Zahava— with her mother who made kugel for shabbat and her father who went by Yonasan (not Yonatan); her pale, lightly freckled skin complimented by her dark, wavy hair (that was never certifiably curly but had the volume that suggested it easily could be); who had a grandfather on one side who was a holocaust survivor and a maternal grandmother whose accent was unmistakably “bubby,” especially when she tawked about her homemade applesawce—was my childhood neighbor, first best friend, and most accurate model of what it looked like to be an American Jew.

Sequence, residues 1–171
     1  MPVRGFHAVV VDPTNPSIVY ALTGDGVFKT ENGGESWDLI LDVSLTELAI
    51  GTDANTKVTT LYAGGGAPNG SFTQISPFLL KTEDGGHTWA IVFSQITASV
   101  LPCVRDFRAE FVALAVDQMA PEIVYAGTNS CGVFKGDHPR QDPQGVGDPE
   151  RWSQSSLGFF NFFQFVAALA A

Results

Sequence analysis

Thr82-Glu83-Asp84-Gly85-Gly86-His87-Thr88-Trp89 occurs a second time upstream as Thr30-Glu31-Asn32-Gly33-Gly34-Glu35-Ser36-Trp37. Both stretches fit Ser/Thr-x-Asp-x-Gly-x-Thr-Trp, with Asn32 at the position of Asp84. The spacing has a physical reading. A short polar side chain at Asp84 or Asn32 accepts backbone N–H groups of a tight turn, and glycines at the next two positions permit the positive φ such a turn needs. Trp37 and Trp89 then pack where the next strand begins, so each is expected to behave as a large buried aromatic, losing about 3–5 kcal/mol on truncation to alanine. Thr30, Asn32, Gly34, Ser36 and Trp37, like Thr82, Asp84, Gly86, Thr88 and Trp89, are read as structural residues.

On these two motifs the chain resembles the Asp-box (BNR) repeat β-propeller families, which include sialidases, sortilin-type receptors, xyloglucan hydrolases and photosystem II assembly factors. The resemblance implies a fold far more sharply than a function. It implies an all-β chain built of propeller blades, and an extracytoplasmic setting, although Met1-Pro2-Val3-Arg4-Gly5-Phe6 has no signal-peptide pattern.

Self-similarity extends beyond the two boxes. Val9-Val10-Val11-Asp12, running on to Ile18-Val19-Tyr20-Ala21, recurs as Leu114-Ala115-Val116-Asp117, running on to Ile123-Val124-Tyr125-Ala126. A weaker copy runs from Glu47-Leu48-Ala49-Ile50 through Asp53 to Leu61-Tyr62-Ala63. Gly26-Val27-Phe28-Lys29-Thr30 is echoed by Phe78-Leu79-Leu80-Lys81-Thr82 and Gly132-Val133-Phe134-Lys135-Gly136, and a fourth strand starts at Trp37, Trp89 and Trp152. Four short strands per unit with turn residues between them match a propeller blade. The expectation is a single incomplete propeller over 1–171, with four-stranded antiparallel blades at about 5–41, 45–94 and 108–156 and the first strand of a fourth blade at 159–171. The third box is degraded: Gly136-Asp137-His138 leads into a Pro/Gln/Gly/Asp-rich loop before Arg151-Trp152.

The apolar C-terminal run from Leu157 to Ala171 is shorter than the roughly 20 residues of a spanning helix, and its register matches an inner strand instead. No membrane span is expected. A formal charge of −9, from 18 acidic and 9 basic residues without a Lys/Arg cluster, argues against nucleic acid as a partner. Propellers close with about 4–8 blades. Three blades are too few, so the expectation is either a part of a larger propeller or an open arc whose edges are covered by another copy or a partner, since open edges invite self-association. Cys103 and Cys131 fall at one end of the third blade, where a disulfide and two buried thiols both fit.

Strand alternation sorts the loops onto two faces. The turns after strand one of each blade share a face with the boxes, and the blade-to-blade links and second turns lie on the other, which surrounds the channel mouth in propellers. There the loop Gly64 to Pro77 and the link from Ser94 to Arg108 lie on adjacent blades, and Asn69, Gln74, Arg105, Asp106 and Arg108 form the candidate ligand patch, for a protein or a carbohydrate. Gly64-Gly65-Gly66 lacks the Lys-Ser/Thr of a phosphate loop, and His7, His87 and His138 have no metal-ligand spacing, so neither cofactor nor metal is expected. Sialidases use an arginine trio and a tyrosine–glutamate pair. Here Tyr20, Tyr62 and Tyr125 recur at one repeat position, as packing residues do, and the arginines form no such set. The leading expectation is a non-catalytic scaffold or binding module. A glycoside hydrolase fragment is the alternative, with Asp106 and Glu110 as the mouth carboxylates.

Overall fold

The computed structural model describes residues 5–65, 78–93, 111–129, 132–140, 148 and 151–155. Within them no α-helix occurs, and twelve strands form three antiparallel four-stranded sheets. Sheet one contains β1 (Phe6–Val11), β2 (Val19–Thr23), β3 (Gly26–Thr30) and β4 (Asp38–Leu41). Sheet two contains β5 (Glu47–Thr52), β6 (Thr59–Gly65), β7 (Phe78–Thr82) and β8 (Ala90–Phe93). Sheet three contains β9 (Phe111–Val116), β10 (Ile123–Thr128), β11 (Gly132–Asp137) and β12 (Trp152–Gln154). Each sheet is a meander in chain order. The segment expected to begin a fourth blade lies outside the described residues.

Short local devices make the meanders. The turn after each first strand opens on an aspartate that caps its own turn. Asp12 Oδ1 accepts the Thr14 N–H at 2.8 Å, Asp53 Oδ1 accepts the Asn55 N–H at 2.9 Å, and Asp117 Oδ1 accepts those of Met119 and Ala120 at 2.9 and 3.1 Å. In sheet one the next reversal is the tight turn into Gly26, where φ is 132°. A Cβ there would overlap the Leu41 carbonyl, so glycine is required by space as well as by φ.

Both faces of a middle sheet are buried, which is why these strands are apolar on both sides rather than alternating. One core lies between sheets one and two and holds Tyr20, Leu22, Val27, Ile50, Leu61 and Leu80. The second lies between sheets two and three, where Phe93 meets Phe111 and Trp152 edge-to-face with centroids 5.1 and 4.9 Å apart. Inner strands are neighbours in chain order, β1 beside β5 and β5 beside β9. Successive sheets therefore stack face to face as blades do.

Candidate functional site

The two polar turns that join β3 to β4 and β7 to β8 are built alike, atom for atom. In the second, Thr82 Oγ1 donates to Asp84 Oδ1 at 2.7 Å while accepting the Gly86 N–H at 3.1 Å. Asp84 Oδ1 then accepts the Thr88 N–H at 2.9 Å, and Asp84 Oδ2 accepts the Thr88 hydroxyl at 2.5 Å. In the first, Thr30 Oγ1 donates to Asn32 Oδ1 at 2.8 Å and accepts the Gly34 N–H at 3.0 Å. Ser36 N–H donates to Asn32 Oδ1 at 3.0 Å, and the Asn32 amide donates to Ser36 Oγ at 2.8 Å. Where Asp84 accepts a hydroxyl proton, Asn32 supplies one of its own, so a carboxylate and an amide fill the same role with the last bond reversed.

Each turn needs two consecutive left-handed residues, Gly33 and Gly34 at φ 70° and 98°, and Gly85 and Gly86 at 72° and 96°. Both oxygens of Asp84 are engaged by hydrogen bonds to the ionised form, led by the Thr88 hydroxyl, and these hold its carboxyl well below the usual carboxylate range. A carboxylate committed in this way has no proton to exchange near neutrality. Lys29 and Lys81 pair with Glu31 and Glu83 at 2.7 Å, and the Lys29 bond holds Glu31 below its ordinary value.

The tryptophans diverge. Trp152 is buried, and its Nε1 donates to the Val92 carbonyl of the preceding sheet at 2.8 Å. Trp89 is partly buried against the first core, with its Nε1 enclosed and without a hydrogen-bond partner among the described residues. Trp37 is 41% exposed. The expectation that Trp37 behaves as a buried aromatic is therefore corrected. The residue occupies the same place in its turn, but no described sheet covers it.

I grew up in a small, tightly knit modern-Orthodox Jewish community in Memphis, Tennessee. My mother is half-Yemeni, half-Hungarian, and my dad is Kurdish (Iraqi Kurds). Aside from a few non-white folk that came and went during my childhood, my parents, siblings and I were the only Mizrachim in our otherwise Ashkenazi community. In my fourteen years of day-school education, I never once heard a Jewish educator utter the word mizrachi. From a young age, it was obvious to me that I was different.